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Australian Citizenship Changes 2017

Australian Citizenship Changes 2017

On 20 April 2017, the Australian government announced changes to the eligibility requirements for Australian citizenship. The main changes include:

  1. Increasing the general residency requirement which means an applicant for Australian citizenship will need to demonstrate a minimum of four (4) years permanent residence immediately prior to their application for citizenship
  2. Introducing English requirement any applicant 16 years or older
  3. Introducing the requirement for an applicant to show they have integrated into the Australian community during their permanent residence
  4. Introducing the Pledge of Allegiance will be a requirement for all applicants

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When do these changes take effect?

The changes took effect from 20 April 2017. However, these changes have not been passed as law by the Australian parliament. The Australian Labour party has announced it is opposing the proposed changes. It is not exactly known when or if these changes will be passed as law.

What if the changes are not passed as law?

If the changes are not passed as law, the previous eligibility requirements which existed prior to the Government’s announcement on 20 April 2017 will continue to apply to citizenship applications lodged with DHA.

What are my options?

Option 1 - Start my Citizenship application now

If you have been a permanent resident for at least a year but less than 4 years, you may want to apply now. It is possible that DHA will approve your application under the old requirements, and that you'll lose this opportunity when the new law is passed. Keep in mind that if you choose to file under the old requirements you do risk losing your government filing fee if your application is refused.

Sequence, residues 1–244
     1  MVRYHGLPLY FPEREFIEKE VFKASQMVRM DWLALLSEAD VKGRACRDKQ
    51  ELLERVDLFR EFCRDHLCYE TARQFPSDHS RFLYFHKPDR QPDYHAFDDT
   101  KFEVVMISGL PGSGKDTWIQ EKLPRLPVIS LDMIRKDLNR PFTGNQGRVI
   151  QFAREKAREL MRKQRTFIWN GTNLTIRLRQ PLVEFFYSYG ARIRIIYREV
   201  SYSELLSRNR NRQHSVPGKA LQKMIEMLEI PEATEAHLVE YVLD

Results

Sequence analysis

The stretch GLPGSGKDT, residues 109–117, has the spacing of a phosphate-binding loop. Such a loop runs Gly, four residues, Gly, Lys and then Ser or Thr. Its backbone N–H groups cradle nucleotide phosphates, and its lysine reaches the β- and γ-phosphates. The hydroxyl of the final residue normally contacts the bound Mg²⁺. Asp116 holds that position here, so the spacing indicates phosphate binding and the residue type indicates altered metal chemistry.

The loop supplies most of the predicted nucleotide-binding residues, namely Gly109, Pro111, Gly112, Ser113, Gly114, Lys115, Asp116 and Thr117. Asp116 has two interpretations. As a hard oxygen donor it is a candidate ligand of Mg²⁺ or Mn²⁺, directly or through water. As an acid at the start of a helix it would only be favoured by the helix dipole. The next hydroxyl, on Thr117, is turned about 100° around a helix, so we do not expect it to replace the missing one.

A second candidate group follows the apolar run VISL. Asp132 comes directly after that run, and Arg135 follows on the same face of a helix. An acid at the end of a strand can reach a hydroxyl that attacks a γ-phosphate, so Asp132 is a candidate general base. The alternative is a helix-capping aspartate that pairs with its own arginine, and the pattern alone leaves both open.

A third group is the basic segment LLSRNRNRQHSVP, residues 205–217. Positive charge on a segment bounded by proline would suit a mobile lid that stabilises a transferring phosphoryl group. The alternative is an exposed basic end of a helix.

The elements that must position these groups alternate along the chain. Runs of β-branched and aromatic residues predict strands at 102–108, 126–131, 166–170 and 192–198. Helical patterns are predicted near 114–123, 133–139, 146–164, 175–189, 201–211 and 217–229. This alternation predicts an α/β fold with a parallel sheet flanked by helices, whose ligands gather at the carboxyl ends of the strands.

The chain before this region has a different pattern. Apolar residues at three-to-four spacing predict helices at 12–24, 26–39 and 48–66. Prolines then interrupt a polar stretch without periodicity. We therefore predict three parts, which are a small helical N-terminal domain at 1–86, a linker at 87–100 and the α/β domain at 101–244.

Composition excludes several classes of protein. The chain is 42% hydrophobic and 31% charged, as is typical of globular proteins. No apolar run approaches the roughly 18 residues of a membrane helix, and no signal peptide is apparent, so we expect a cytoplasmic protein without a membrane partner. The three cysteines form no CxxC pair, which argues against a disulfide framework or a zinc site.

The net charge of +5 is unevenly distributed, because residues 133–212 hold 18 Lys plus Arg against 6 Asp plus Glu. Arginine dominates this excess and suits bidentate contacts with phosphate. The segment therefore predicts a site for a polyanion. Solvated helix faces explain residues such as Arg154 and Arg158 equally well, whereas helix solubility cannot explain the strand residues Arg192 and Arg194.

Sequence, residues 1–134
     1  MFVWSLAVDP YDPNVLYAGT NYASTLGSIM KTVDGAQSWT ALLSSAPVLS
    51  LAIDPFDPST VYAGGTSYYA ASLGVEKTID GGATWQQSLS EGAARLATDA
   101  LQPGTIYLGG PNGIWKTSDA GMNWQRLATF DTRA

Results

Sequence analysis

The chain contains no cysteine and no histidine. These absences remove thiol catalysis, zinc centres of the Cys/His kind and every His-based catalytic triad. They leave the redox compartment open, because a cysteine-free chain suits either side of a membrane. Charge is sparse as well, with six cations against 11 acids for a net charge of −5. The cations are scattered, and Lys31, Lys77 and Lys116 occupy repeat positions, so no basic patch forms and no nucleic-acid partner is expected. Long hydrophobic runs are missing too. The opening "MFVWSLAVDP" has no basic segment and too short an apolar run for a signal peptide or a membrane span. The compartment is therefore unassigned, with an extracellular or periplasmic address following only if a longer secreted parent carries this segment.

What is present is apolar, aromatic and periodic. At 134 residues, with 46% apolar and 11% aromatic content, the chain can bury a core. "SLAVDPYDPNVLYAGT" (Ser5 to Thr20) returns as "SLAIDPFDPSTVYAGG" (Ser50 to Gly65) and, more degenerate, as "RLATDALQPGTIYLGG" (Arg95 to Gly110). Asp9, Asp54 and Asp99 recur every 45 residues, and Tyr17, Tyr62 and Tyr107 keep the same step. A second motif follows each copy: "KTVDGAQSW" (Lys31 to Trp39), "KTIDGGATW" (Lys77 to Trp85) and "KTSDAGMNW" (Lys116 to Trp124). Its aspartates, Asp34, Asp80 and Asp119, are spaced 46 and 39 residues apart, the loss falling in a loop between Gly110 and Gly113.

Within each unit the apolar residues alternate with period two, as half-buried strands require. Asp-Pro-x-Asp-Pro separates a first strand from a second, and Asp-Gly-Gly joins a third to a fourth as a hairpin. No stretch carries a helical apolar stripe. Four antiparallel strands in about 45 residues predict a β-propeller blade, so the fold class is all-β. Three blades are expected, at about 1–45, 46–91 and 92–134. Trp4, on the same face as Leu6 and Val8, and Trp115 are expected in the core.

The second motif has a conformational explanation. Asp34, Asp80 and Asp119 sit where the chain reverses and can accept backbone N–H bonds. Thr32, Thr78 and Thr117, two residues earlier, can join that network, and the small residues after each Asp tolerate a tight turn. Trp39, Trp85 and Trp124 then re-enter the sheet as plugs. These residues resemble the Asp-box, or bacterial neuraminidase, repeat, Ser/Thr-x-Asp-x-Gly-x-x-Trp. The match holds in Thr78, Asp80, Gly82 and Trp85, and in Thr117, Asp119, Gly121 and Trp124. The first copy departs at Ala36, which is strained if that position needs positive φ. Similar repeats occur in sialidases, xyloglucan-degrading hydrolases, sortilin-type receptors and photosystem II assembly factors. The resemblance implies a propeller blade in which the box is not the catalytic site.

Start My Application

Option 2 - Wait until the new citizenship law is decided

If you're not willing to risk losing the government filing fee, you may want to consider waiting until there is greater clarity around the legal requirements to apply for Australian citizenship. Keep in mind that one possible outcome is that you'll need to wait for a significant period of time before you can apply. It is also possible that the law in its final form will include totally new provisions that change the eligibility requirements further.

It is not clear if the new law will be passed successfully. It has been opposed by a number of members of the Australian parliament and even if it is passed, there could be changes made to the new requirements. It will be several more months before there is a definite decision.

What do I risk if I lodge my application now?

If the new citizenship law is passed, your application may be refused and you will lose the government filing fee of $285.

Note: If your application is refused, your permanent visa status will not be affected in any way and your permanent resident entitlements will continue.

What do I gain if I lodge my application now?

If you are currently ineligible under the new residence requirements, there is a chance that you may still qualify for Australian citizenship by filing now.

Click here to learn more about Australian Citizenship general eligibility requirements.